Jaw pain: the symptoms and type of pain will vary depending on the cause. The pain may suddenly appear, or it may become more intense over time. X-rays and a physical examination are needed to identify the root cause, but it could be sinus, toothache, gum disease, abscess tooth or tooth grinding, among other things. The cause will also determine the treatment which can include (if it’s a dental condition) a mouth guard, antibiotics, a root canal therapy, extraction or periodontal treatment.

Teeth pain treatment

You should visit the dentist if you have experienced pain for more than two days, if there is severe or throbbing pain, sharp pain when chewing or swallowing, ear pain, fever, inflammation or if tooth pain relief medicine is not working.

At the beginning of the dental appointment, the dentist will review your medical history to have a better understanding of your needs and thus offer a personalised service. Then they will perform a physical examination of your teeth, gums, jaw, tongue, palate, tonsils, nose and neck. They may also require a digital x-ray, which is included in your $99 treatment, to identify if there are bone problems, decay, impacted or cracked teeth. The goal is to determine the source of the pain and location to perform the appropriate treatment which may include removing cavities, a filling if there is an advanced dental cavity, treat gum disease, administering antibiotics, removing a tooth or starting root canal therapy.

Root canal procedure explained

The pulp, which is inside the tooth and is made of connective tissues and blood vessels and provides nutrients and nerves to the tooth, could be damaged as a result of deep tooth decay, a cracked tooth, advanced gum disease or trauma. The bacteria will multiply inside the tooth, and the pulp will get damaged or may die, causing a lot of pain. Consequently, the infection generates inflammation (which can spread to the face, neck or head) and bone loss; or it can also lead to an abscessed tooth that is a pocket full of pus at the end of the tooth’s roots.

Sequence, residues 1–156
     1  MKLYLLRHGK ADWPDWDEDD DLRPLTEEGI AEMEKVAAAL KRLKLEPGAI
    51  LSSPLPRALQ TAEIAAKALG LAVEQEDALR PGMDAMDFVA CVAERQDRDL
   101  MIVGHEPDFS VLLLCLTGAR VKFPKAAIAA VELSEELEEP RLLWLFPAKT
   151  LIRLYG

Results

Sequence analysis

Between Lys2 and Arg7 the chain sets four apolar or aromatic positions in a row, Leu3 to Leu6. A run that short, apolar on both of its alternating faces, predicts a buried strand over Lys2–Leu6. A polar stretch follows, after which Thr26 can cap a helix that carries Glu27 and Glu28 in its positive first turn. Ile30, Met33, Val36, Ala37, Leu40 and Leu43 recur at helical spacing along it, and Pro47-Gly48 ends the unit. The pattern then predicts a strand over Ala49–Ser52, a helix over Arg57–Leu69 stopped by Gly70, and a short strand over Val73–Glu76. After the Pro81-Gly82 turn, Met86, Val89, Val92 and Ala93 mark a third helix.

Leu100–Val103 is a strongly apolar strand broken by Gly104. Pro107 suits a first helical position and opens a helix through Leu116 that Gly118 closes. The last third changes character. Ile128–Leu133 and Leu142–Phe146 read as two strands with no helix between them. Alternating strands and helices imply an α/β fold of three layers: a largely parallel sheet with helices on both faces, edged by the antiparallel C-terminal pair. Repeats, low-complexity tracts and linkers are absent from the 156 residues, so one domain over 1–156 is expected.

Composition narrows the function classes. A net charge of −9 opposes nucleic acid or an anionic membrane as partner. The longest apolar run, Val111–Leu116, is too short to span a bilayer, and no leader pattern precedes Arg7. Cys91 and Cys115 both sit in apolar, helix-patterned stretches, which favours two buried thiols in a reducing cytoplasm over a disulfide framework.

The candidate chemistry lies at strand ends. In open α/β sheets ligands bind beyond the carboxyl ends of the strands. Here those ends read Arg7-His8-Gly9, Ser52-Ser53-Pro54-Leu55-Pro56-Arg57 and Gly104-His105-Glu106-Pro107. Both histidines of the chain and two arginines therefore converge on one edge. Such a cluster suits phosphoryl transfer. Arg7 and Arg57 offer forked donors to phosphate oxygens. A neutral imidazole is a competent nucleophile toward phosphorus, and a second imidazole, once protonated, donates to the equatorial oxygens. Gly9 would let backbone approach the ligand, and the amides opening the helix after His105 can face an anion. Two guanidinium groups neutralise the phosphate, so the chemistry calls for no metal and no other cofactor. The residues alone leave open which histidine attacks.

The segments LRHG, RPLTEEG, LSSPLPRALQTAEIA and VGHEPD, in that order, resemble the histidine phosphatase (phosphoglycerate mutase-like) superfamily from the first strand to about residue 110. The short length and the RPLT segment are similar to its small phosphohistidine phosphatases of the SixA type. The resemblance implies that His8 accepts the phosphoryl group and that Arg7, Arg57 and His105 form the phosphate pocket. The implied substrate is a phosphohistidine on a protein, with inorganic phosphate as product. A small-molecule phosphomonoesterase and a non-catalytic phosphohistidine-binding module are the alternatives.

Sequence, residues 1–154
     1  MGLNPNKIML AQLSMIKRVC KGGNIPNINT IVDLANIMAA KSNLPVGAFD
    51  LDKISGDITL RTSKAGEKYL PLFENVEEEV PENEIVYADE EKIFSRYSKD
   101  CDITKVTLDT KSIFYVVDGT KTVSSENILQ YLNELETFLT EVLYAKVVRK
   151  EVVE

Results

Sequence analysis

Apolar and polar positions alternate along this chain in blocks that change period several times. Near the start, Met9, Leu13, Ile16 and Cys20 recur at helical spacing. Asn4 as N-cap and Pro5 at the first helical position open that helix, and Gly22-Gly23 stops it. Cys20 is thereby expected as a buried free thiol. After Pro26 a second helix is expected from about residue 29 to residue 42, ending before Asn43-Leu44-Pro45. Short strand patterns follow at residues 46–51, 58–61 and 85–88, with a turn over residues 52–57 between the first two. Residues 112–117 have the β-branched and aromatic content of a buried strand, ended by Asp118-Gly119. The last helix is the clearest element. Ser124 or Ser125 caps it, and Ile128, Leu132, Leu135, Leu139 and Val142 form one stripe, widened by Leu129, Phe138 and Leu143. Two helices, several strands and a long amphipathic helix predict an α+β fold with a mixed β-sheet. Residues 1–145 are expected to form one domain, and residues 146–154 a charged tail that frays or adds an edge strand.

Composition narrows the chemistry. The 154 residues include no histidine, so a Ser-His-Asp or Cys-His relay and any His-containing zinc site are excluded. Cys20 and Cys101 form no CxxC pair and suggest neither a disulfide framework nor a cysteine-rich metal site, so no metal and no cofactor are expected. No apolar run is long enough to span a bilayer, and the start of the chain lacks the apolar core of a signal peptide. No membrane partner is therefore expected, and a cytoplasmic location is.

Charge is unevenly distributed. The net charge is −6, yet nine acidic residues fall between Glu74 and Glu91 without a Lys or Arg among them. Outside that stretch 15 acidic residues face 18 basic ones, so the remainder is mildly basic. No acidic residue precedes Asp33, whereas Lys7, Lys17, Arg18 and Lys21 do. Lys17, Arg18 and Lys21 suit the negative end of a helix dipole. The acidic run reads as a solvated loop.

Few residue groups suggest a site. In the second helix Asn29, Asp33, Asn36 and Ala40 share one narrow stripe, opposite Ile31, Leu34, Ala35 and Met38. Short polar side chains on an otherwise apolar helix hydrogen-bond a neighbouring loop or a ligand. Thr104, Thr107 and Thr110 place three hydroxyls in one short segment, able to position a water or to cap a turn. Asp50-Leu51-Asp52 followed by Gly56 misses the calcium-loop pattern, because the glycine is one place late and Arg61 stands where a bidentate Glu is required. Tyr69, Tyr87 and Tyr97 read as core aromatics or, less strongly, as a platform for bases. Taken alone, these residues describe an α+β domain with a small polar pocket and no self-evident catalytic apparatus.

Root canal pain symptoms can include severe pain when chewing or when touched, sensitivity, swelling tooth discolouration and inflammation of the nearby gums. Sometimes there are no symptoms, so it’s essential to have regular visits to your Dental 99 dentist.

Root canal therapy is a treatment to relieve or avoid pain caused by the infection, remove the infected nerve tissue in a tooth and repair and preserve an infected or damaged tooth. A root canal takes at least three visits to a dentist.

The first stage is to extract the nerve, clean the roots, place antibiotics directly into the roots for disinfection and a temporary filling. The second stage consists of shaping and cleaning the tooth roots as well as filling the roots if the tooth is ready, and the third stage is a final cleaning and filling of the roots as well as a permanent filling to close the access cavity. Chances are the tooth needs a crown, especially if it’s a posterior tooth.

Some people may experience some discomfort, minor inflammation or pain after a root canal therapy which is normal and the tooth may be sensible so the dentist may recommend over-the-counter pain relievers, including ibuprofen for toothache. You should avoid chewing on the side where the procedure was performed and putting pressure so it does not break. And brush and floss gently. 

Depending on the case, the dentist may recommend an extraction. But the best alternative to root canal treatment is prevention. Most dental pain is caused by, and begins with, decay and is therefore preventable and curable. Don’t wait until an obvious problem appears to visit the dentist. Prevention is a much more effective (cheaper and painless) way of managing your dental health. Good dental habits, including flossing and brushing teeth, fluoridated toothpaste, and professional check-up and teeth cleaning every six months are the best ways to reduce your risk of dental problems.